Abu Dhabi’s industrial diversification strategy has taken a leap forward as new contract awards herald significant progress on two ambitious developments in the emirate’s petrochemicals and metals sectors.

Economic diversification is a key plank of the Abu Dhabi Plan 2030, the emirate’s economic masterplan, which aims to reduce the reliance on crude oil export revenues and provide jobs for its fast-growing local population.

Abu Dhabi has resurrected plans to build its long-delayed Tacaamol chemicals megaproject in Ruwais with the award of the project’s front-end engineering and design (feed) contract. Abu Dhabi National Chemicals Company’s (Chemaweyaat) megaproject has suffered several setbacks since its inception five years ago, but now appears to be going ahead as the first phase – an aromatics complex – moves into the design phase.

The feed work was awarded to US engineering group CH2M Hill, which won the contract ahead of several other international engineering companies after it was tendered in the fourth quarter of 2012, according to industry sources. CH2M Hill will design an aromatics complex capable of converting 3 million tonnes a year (t/y) of heavy and medium naphtha supplied from Abu Dhabi Oil Refining Company’s (Takreer) refinery in Ruwais.

The project will be located at the Madeenat Chemaweyaat al-Gharbia site, east of the Ruwais refining and petrochemicals complex, along with supporting infrastructure including a dedicated export tank farm, jetty and loading births. It will use naphtha from the Ruwais refinery to produce benzene, paraxylene and mixed xylenes.

Last year, Chemaweyaat appointed the US’ Foster Wheeler as the project management consultant (PMC) for the feed phase of the scheme.

The Tacaamol project, which was initially set to be completed by 2014, has hit several hurdles since its conception. The aromatics complex was planned as part of a larger $11bn complex including polyolefins, polystyrene, polycarbonate plants and several other plants.

US/Finnish group Neste Jacobs signed a long-term frame agreement to provide the feed work on the project in May 2009, which was never completed. Meanwhile Australian engineering group WorleyParsons, which was initially providing consultancy work, also cut ties with the project.

Chemaweyaat is a 100 per cent state-owned company with ownership split between International Petroleum Investment Company (Ipic), Abu Dhabi Investment Council and Abu Dhabi National Oil Company (Adnoc).

Meanwhile, UAE-based Mubadala and Dubai Aluminium (Dubal) have awarded three contracts on a feasibility study to build an alumina refinery in Abu Dhabi after completing preliminary studies on the project.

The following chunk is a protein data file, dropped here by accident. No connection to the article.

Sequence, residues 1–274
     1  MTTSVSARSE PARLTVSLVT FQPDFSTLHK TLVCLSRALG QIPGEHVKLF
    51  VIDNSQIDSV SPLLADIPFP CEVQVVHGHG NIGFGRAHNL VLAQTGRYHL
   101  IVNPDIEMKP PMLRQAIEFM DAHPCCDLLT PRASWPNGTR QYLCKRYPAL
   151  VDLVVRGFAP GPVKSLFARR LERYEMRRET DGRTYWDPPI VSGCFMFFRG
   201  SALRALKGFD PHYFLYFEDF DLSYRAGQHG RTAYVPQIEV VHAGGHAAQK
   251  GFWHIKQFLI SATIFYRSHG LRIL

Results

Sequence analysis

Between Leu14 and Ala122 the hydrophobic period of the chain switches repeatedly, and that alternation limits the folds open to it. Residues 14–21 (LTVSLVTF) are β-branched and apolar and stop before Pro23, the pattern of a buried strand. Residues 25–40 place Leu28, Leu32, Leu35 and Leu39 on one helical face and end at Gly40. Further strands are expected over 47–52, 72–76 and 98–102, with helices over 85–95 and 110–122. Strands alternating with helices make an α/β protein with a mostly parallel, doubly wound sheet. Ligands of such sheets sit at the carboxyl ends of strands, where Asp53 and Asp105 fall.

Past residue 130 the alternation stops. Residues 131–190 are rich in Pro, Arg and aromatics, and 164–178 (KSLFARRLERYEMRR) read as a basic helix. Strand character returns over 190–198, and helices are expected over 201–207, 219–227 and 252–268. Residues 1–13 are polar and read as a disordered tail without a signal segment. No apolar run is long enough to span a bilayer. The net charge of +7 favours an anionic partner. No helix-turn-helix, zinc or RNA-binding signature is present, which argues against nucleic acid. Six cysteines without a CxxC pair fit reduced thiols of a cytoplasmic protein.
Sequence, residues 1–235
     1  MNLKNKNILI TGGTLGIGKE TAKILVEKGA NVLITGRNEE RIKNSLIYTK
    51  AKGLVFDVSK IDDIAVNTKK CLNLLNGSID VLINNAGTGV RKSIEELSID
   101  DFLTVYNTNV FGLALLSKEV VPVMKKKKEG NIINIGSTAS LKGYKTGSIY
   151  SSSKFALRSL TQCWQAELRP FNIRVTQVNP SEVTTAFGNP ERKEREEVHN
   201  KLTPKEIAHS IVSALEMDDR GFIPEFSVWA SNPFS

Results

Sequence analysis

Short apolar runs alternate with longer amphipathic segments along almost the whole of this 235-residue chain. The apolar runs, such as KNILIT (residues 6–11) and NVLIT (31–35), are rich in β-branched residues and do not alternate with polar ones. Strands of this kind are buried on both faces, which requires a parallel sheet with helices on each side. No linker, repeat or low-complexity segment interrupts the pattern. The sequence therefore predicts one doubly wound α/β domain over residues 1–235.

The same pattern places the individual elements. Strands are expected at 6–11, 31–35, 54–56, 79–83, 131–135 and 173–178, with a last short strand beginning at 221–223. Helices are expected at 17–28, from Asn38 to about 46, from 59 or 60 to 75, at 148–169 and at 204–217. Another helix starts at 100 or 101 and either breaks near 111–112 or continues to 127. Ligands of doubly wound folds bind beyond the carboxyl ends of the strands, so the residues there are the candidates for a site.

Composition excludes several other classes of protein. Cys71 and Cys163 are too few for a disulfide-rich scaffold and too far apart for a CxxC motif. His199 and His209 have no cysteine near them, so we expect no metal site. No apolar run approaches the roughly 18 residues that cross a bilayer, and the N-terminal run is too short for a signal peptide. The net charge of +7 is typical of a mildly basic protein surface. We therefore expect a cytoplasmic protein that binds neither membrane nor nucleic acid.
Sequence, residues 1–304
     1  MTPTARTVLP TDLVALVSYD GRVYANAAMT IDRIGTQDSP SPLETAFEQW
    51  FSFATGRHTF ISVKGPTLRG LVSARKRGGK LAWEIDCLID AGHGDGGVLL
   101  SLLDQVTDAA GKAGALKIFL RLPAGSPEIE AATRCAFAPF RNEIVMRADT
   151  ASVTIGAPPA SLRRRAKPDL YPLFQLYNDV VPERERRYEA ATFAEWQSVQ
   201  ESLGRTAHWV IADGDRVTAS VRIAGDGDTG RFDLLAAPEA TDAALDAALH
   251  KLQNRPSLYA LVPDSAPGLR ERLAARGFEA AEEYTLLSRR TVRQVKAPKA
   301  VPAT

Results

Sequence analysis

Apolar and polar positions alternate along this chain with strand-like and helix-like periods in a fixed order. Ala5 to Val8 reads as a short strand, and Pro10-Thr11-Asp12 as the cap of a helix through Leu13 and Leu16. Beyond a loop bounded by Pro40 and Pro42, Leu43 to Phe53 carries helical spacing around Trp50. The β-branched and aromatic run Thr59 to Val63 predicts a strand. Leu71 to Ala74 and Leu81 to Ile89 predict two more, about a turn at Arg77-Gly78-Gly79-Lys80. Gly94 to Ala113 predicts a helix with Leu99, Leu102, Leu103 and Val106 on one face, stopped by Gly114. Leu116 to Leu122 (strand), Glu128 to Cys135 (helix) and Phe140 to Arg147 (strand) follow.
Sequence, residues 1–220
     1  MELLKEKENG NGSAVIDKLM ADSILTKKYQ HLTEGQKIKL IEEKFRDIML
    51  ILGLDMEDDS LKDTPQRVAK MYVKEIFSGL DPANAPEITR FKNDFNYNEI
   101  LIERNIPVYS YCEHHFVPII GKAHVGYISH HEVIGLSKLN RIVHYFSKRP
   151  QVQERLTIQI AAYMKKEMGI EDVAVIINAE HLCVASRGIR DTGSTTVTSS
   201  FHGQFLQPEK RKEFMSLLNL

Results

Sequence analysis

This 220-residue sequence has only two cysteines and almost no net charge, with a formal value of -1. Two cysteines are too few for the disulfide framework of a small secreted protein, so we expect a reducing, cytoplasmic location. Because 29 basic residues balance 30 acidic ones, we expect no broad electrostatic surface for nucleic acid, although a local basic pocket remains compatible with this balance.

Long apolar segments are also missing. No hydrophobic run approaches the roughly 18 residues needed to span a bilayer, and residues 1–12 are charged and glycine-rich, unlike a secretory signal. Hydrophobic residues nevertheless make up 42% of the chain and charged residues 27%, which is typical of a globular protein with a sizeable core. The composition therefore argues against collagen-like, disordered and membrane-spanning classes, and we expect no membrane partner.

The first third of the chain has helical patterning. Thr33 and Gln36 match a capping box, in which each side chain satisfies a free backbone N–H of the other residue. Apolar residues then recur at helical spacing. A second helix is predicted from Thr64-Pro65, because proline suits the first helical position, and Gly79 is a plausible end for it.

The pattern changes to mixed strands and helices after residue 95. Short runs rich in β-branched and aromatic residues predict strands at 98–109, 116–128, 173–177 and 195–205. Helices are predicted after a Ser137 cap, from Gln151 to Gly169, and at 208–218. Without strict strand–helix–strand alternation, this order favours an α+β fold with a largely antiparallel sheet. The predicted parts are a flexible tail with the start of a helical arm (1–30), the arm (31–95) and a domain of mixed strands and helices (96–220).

A metals project has been planned close to the Emirates Aluminium Smelter (Emal) in Taweelah for some years, but the largest projects – the alumina refinery and rolling mill – have remained at an early stage, with no contract awards revealed until now.

A joint venture of US-based Bechtel and the Petrofac Emirates – a local joint venture of UK-based Petrofac – were appointed to carry out the feasibility study on the alumina refinery.

In addition, two agreements have been signed to secure technologies to support the study. A joint venture of Canada’s Hatch Associates and Finnish minerals processing group Outotec were awarded one contract, while Canadian aluminium firm Rio Tinto Alcan was selected for its refinery technology.

The proposed refinery will use bauxite to extract alumina (aluminium oxide), which is then used as a raw material to produce primary aluminium in a smelter.

The project would be located near Emal in the Khalifa Industrial Zone of Abu Dhabi (Kizad), located midway between the cities of Abu Dhabi and Dubai. The Emal smelter has a capacity of 750,000 t/y and is currently undergoing a phase two expansion that would double capacity, for which it will require additional supplies of raw materials to raise production.

A resurgence of these key petrochemicals and metals projects in Abu Dhabi will add significantly to the emirate’s project pipeline. The aromatics complex and smelter are only single phases of much larger developments that should become cornerstones of the emirate’s industrial diversification strategy into the next decade.